HR is a discipline which can be waved off by many as being ‘just more H.R. Pufnstuf’ – meaning a lot of noise and action, but with very few tangible outcomes. Like any department or specialty business, human resources can be executed well or poorly. Today’s Karen Gately blog looks at ‘High Impact HR’, and discusses how HR guided by unique business objectives is the most successful. In our experience, measurable and effective HR can be achieved in close consultation with clients who have a strong business agenda. Read on in what is an interesting blog about new wave HR – the kind you can rely on for real change and productivity.
A quote I read recently from a London business school strongly resonated with me … “who cares if your HR strategies are ‘world’s best practice’; to add value HR need to provide solutions that will support the business to achieve its goals”. While we can all learn from and leverage what has worked for others, HR must work with their clients to ensure approaches taken are targeted to the unique objectives of each organisation. In my experience, high impact HR is achieved only when the business agenda determines priorities and business results are the measure of success.
We are often asked what the most important characteristics and capabilities of HR are. After many years observing what works and what doesn’t at the top of our list are:
- Well-developed ability to challenge, influence and coach leaders to drive business success through people
- Pragmatic and practical approach to applying HR theory and practice; ensuring relevance of HR priorities to achieving specific and measurable business outcomes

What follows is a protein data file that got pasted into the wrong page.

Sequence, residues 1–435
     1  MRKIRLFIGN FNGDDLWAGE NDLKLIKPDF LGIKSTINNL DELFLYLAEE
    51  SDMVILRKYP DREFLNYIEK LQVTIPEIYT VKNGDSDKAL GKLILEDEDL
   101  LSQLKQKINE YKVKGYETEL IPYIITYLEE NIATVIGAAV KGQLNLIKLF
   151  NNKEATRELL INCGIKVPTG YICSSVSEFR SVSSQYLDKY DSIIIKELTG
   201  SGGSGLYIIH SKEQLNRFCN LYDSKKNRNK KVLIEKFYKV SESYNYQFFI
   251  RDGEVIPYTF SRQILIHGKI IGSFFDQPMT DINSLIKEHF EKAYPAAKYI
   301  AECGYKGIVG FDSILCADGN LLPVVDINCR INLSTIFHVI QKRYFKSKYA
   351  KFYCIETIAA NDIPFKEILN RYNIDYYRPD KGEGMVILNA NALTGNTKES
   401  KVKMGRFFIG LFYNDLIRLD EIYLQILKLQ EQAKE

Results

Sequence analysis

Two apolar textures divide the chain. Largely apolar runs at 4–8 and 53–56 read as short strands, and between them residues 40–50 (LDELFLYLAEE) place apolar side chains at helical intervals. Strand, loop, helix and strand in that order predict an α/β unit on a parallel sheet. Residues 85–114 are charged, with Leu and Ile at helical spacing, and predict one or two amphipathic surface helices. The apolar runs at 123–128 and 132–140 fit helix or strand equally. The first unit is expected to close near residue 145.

- Strong commercial acumen and ability to align HR strategy to key drivers of business performance
- Avoidance of a “program driven approach” by instead measuring success through what is created, how it is implemented, and what is achieved
- Ability to clearly articulate the relevance and impact of HR strategies so as to influence and win the ‘buy-in’ of business leaders
- Understanding and managing risk while avoiding unnecessary focus on compliance
Working in partnership with the CEO and others leaders, I believe it is HR’s job to influence business performance through leveraging the full potential of teams. To truly play a key role HR must earn respect from business leaders and build a reputation for being trusted advisors.
Through development and application of strategies, programs and processes but most importantly through leadership strength, HR has the opportunity to make a significant contribution to the success of an organisation through the development of capabilities as well as the spirit of the team.
We’d love to hear about your experiences with HR. When have you felt that effective HR has truly changed the course and productivity of a business?